Monmouthshire is facing some really big challenges. Budgets for public services are declining while expectations are going up. We have an ageing population rising property prices and comparatively low wages are making it harder for young families to live and work locally. These come on top of issues like increased global migration and changes to weather patterns that could result in more flooding and problems for farmers.
Our Monmouthshire is about all of us addressing the needs of future as well as current generations.
In April 2016 a new piece of legislation, The Well-being of Future Generations Act was launched. This means that we need to begin planning at least ten and ideally up to 25 years into the future. The decisions we make now will have real implications for our children and grandchildren. We need to work together to make sure we get this right. This means that all public services must plan for the long-term and really understand what well-being means to our county and the communities within it.
From August to December 2016 we spoke to people in Monmouthshire and asked what’s good about your community, what would make it better, now and in the future. These views are helping us make sure we address some of the really big challenges that Monmouthshire faces in coming years.
Every Public Service Board in Wales must publish their own Wellbeing Plan by March 2018. The plan will look at the economic, social, environmental and cultural well-being of the each county.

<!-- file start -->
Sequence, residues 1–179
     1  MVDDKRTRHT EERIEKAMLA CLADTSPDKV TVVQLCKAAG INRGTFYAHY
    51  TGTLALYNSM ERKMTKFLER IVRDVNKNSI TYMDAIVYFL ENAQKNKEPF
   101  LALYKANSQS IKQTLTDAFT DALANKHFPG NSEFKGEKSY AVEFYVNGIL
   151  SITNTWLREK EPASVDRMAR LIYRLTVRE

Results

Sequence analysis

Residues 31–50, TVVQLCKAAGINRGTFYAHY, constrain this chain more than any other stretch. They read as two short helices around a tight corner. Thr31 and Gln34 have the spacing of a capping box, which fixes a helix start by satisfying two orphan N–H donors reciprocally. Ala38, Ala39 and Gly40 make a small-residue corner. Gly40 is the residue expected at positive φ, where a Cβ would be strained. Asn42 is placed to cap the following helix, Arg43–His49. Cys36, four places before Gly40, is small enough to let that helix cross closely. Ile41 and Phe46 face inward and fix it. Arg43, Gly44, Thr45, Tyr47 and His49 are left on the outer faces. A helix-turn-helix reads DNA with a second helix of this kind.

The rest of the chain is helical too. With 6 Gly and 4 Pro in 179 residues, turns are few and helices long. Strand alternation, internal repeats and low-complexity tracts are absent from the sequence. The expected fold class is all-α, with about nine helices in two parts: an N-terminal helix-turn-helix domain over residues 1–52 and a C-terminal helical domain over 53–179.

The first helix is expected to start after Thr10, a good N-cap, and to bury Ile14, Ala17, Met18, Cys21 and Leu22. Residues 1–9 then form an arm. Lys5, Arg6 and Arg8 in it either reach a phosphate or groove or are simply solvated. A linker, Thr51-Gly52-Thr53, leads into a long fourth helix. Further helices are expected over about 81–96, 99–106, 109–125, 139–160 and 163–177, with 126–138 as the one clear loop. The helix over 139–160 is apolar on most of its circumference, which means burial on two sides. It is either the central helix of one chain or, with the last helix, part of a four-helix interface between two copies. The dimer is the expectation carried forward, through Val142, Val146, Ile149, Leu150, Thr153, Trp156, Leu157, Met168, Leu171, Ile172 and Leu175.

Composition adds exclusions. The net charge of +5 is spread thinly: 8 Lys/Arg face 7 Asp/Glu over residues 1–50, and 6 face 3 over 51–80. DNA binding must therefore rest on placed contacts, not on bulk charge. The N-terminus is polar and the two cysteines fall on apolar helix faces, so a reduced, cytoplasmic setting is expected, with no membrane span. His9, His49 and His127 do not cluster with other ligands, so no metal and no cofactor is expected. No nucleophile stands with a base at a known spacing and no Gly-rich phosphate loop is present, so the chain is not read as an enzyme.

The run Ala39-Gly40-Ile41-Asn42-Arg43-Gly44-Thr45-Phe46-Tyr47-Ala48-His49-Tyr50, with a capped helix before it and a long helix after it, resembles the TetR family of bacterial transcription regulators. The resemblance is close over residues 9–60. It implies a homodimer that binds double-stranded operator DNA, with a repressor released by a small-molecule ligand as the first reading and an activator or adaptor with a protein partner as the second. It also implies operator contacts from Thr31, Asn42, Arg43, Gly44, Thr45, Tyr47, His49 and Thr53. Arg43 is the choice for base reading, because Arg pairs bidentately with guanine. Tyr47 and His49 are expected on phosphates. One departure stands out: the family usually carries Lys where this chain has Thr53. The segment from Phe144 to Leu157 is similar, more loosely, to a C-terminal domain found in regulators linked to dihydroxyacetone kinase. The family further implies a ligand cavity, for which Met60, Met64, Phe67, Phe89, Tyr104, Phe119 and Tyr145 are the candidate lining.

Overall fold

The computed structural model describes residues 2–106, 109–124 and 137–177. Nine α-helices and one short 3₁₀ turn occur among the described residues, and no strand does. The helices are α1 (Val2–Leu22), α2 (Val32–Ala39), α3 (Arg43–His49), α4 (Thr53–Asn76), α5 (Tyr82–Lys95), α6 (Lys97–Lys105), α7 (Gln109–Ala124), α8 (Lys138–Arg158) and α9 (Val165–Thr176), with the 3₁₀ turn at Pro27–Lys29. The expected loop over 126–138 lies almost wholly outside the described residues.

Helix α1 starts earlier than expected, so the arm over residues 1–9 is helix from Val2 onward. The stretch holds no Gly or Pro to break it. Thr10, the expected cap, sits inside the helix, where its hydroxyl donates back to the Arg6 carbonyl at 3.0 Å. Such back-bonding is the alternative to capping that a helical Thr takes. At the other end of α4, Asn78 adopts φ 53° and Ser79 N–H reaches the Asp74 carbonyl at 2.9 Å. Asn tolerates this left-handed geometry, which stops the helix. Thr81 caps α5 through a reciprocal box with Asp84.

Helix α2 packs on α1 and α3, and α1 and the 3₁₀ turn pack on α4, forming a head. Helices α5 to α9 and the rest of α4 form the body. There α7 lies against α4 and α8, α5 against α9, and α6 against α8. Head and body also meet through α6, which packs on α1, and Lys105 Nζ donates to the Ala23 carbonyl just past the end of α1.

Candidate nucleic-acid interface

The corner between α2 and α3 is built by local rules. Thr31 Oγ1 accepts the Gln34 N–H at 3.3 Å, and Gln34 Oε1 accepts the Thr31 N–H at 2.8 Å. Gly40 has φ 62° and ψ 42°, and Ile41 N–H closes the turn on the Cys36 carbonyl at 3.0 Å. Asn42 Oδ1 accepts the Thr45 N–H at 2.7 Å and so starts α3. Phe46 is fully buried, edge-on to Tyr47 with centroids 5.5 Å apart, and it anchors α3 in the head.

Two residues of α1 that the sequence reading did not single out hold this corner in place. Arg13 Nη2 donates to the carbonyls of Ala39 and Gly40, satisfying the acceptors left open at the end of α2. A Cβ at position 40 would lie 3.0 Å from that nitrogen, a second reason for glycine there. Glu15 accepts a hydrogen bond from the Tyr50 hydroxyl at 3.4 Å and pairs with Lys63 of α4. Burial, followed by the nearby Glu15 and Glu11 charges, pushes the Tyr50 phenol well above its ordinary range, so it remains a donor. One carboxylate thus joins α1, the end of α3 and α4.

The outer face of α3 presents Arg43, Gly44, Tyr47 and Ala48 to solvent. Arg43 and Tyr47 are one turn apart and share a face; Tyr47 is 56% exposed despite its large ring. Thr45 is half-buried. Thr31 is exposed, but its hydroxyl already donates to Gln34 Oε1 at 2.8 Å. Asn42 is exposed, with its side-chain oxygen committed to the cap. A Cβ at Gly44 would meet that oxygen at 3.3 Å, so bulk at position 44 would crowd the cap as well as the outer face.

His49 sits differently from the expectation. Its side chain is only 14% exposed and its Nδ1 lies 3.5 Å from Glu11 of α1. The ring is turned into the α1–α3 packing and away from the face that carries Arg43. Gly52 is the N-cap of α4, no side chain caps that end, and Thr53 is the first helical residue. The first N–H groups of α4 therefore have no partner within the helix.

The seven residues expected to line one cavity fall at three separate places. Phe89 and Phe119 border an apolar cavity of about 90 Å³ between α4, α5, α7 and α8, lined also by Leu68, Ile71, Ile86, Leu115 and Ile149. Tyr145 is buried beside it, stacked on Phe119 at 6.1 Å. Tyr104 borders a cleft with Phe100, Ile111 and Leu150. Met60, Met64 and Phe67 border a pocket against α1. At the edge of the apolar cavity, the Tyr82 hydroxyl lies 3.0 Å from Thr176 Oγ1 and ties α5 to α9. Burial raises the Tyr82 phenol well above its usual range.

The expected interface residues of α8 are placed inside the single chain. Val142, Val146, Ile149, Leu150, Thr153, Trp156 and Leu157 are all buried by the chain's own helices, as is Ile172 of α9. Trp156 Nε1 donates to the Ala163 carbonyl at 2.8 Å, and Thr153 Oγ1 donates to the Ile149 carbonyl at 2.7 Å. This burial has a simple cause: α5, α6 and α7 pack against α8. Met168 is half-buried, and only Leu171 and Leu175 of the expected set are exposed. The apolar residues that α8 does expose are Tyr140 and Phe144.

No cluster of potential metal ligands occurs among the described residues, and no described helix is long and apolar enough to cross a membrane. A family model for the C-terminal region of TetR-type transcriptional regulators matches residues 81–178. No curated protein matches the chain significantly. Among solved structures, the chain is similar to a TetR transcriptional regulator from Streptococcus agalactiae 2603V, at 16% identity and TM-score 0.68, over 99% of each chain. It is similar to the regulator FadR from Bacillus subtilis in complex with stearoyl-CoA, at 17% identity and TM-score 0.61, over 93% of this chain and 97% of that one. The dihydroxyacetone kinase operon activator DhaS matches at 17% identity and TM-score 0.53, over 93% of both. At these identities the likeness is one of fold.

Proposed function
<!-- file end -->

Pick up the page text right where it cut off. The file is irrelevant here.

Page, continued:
Monmouthshire Public Service board is made up of public bodies such as Gwent Police, Monmouthshire County Council, Aneurin Bevan University Health Board and South Wales Fire and Rescue Service. More information about the Public Services Board is here.
Your views and thoughts have provided us with vital information for Monmouthshire’s Wellbeing Assessment, which will help to inform our Wellbeing Plan. Now we would like to know your views of the assessment and whether it presents an accurate reflection of the issues that affect well-being in Monmouthshire now and in the future.
Monmouthshire Public Service Board has produced a draft Well-being Assessment for the county. This will help to shape the future of the area and its communities.
The draft assessment is made up of different sections. It considers the economic, social, environmental and cultural well-being of Monmouthshire as a whole. It also provides profiles of more localised areas loosely clustered around our five largest settlements: Abergavenny; Monmouth; Usk; Chepstow and Caldicot. There is a section on Future Trends and a conclusions section that draws out some of the main messages that the Public Service Board will need to consider.
The assessment draws together findings from academic research and policy papers and the views of local people.
Wellbeing Assessment documents
What is a Wellbeing Plan?
Every Public Service Board in Wales has to produce a Wellbeing Plan. The Wellbeing Plan will look at the economic, social, environmental and cultural well-being of the each county.
A Wellbeing Plan will set out what public services will work together on to address the things that matter to local communities. Often these are complex challenges that are too big for a single organisation to address by itself.
This plan will replace the Single Integrated Plan which all local authorities once had to produce